5. UNIVERSITY OF UTAH UTES
Swoop is a red-tailed hawk that first appeared on the Salt Lake City campus in 1996. The University says that their nickname “Utes” is used with the Ute Tribal Council’s permission.
6. SOUTHERN METHODIST UNIVERSITY MUSTANGS
Peruna is a black shetland pony. Peruna IX attended summer band practices to get used to game noise before he made his first appearance at a school football game. He also attends the commencement of incoming freshmen and senior graduation. A costumed representation of Peruna attends the basketball games.
7. UNIVERSITY OF IOWA HAWKEYES
Herky the Hawk was a cartoon character in 1948 before becoming a gold felt feathered costumed mascot in the mid-1950s. The nickname “Hawkeye” might come from the state of Iowa’s nickname, which came from the famous character in the novel The Last of the Mohicans.
8. SAN DIEGO STATE UNIVERSITY AZTECS
9. ST. JOHN’S UNIVERSITY RED STORM
Johnny the Thunderbird first appeared on the sidelines in 2009, the first mascot for the school in nearly ten years after the costumed horses Thunder and Lightning were sent packing. The Red Storm were known as the Redmen until 1994.
10. DAVIDSON COLLEGE WILDCATS
The Davidson wildcat has the uninspired name of Mr. Cat. But in the early days of the school, the mascots were the children of professors and the team was commonly called the “Presbyterians.” Wildcats was chosen because it sounded a bit tougher.
11. UNIVERSITY OF CALIFORNIA, LOS ANGELES BRUINS
Joe Bruin is a costumed bear that has served as UCLA’s mascot since the mid-1960s. He is sometimes joined by a female bear, Josephine (or Josie). In 1926, UCLA wanted to change from being the Cubs to being the Grizzlies, but Montana already owned that name. So when UC Berkeley (which was using both Bears and Bruins) voted to drop the Bruin name, UCLA gobbled it up.
12. STEPHEN F. AUSTIN STATE UNIVERSITY LUMBERJACKS
13. EASTERN WASHINGTON UNIVERSITY EAGLES
Swoop the Eagle came about after students and alumni voted for the nickname Eagles to replace the very outdated “Savages” in 1973.
14. UNIVERSITY OF ALABAMA AT BIRMINGHAM BLAZERS
Blaze is a fire-breathing European dragon. He got his start at a 1996 basketball game.
15. NORTH DAKOTA STATE UNIVERSITY BISON
Thundar represents the Bison, which North Dakota adopted as the team name in 1922, when the head coach of the university’s football team insisted on a stronger sounding nickname than the Aggies.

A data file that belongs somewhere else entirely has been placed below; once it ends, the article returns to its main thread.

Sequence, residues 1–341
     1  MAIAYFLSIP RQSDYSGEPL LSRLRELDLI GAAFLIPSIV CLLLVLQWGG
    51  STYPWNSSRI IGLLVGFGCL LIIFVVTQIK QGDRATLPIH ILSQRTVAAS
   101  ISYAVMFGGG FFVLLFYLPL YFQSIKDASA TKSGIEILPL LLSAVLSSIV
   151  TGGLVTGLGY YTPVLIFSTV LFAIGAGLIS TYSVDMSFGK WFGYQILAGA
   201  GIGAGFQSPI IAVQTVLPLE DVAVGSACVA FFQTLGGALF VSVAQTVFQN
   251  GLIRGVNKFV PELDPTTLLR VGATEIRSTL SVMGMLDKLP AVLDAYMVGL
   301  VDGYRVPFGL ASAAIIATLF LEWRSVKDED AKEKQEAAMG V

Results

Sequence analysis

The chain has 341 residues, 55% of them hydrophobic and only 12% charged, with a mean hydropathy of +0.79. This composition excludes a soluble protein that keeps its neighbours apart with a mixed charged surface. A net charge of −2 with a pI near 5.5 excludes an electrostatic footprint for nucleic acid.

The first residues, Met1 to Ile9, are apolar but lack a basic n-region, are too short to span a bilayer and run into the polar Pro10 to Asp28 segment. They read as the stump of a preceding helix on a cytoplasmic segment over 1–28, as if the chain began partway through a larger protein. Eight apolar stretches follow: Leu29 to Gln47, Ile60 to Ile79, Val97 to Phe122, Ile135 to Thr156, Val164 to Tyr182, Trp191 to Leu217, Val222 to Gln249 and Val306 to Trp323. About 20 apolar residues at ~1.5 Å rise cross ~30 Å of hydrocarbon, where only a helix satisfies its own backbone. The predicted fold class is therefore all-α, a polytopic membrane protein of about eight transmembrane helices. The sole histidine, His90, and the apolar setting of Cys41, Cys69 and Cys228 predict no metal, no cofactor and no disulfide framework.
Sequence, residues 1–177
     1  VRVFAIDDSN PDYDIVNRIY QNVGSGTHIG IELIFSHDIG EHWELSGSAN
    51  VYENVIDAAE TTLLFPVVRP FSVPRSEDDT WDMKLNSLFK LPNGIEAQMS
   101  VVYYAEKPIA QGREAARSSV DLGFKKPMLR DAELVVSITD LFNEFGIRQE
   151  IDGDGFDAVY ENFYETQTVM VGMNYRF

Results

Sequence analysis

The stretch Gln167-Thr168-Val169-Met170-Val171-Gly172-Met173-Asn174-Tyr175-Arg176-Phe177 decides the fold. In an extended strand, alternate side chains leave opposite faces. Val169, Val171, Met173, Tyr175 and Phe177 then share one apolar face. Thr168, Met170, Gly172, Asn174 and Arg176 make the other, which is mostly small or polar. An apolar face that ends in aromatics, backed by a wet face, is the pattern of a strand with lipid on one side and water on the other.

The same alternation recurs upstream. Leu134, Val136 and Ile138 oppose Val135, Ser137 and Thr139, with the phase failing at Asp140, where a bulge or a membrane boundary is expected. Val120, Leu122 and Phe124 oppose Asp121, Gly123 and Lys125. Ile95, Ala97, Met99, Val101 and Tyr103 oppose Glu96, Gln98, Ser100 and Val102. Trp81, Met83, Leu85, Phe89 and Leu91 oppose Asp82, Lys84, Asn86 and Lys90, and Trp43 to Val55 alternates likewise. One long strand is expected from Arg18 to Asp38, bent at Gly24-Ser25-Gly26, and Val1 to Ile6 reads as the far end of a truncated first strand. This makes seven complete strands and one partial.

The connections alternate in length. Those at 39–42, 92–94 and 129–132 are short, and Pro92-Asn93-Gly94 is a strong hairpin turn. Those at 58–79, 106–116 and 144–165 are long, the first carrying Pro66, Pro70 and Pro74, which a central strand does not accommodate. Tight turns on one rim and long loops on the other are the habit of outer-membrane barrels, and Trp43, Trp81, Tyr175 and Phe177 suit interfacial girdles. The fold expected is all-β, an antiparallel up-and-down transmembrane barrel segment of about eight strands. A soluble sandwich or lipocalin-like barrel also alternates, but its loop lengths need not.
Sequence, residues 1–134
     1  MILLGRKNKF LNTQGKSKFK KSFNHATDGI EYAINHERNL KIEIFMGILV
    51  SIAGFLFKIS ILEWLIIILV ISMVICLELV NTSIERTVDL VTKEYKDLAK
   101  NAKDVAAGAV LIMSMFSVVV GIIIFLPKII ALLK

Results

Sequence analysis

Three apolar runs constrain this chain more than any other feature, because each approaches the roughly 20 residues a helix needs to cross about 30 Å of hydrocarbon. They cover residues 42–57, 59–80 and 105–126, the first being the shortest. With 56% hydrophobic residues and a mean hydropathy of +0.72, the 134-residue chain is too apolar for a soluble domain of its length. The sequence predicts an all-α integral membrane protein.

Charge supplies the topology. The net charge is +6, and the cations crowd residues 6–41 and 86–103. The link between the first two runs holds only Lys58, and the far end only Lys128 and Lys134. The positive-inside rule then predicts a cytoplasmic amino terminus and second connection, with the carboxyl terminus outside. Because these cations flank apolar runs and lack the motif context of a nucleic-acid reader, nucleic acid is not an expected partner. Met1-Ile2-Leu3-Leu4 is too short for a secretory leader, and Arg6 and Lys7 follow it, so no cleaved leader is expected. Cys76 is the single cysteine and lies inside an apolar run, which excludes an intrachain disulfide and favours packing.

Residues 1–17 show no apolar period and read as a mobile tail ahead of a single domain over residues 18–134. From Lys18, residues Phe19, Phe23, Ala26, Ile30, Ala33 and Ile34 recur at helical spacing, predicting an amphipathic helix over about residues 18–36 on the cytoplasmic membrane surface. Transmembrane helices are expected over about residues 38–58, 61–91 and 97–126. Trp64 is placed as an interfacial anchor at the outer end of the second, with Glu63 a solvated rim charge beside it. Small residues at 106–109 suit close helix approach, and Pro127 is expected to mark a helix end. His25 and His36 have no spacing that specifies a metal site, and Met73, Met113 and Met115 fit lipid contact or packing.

16. UNIVERSITY OF NORTH FLORIDA OSPREYS and ROBERT MORRIS UNIVERSITY COLONIALS
Ozzie and Harriet Osprey are diurnal fish-eating raptors. In 1979, a faculty member was so horrified at the thought of a Seagull representing the school that he conducted a one-man write-in campaign to get the osprey elected as the official mascot.
RoMo the Colonial will be a part of the NCAA men’s tournament for the first time since 2010.
MIDWEST REGION TEAMS:
1 SEED. UNIVERSITY OF KENTUCKY WILDCATS
The Wildcat started attending games in the 1976-77 academic year. Wildcats became UK’s nickname after a commandant said that the football team “fought like wildcats” after a 1909 victory. Sometimes Scratch, the more “child-friendly” mascot, joins The Wildcat.
2. UNIVERSITY OF KANSAS JAYHAWKS
Big Jay first appeared in the early 20th century, and Baby Jay in 1971, hatching out of a big egg at the Homecoming football game. The term Jayhawk came from Kansas settlers and combines the blue jay and sparrow hawk.
3. UNIVERSITY OF NOTRE DAME FIGHTING IRISH
The Leprechaun was named the official mascot in 1965, after a series of Irish terrier dogs served the role. They were usually named Clashmore Mike.
4. MARYLAND UNIVERSITY TERRAPINS
Testudo came into being in 1932, when Maryland’s football coach recommended the Diamondback terrapin for a mascot, changing the athletic teams’ current nickname of the Old Liners. The origin of the name Testudo is unknown, but it might be due to turtles being reptiles of the order Chelonii, or Testudines.
5. WEST VIRGINIA UNIVERSITY MOUNTAINEERS
The Mountaineer has been around since the mid-1930s. It’s custom for the student to grow a beard to go along with the outfit.
6. BUTLER UNIVERSITY BULLDOGS
Butler Blue III is currently their live bulldog mascot. The original nickname “Christians” changed in 1919 after a bulldog owned by one of the fraternities walked into the college paper’s office as they were trying to think of a way to inspire the student body before a big game.
7. WICHITA STATE UNIVERSITY SHOCKERS
WuShock represents the Shockers, named as such after many of the 1904 players on the school’s football team earned offseason money harvesting, or “shocking”, wheat. (Wheaties was the term given to pep club members.) A nameless shock of wheat rooted for Wichita State until a 1948 student newspaper poll produced a moniker.
8. University of Cincinnati Bearcats
The Bearcat, at least in name, originated on Halloween 1914 in a football game against Kentucky. A Cincinnati cheerleader turned fullback Leonard K. “Teddy” Baehr’s last name into a pun by shouting: “They may be Wildcats, but we have a Baehr-cat on our side.” The use of the word “bearcat” to mean a forceful person with great energy began in the 1910s.
9. PURDUE UNIVERSITY BOILERMAKERS
The Boilermaker Special—a vehicle outfitted to look like a Victorian-era steam engine locomotive—is the official mascot. The Boilermaker nickname came from an 1891 Crawfordsville, Indiana newspaper article documenting Purdue’s 44-0 football victory over Wabash College titled “Slaughter Of Innocents,” where Purdue was referred to as “Burly Boiler Makers.” There’s also Purdue Pete, who was dreamt up by the University Bookstore in 1940 to help promote business, and started going to games in 1956. Pete’s head once flew out of the back of The Boilermaker Special and was never found.
10. INDIANA UNIVERSITY HOOSIERS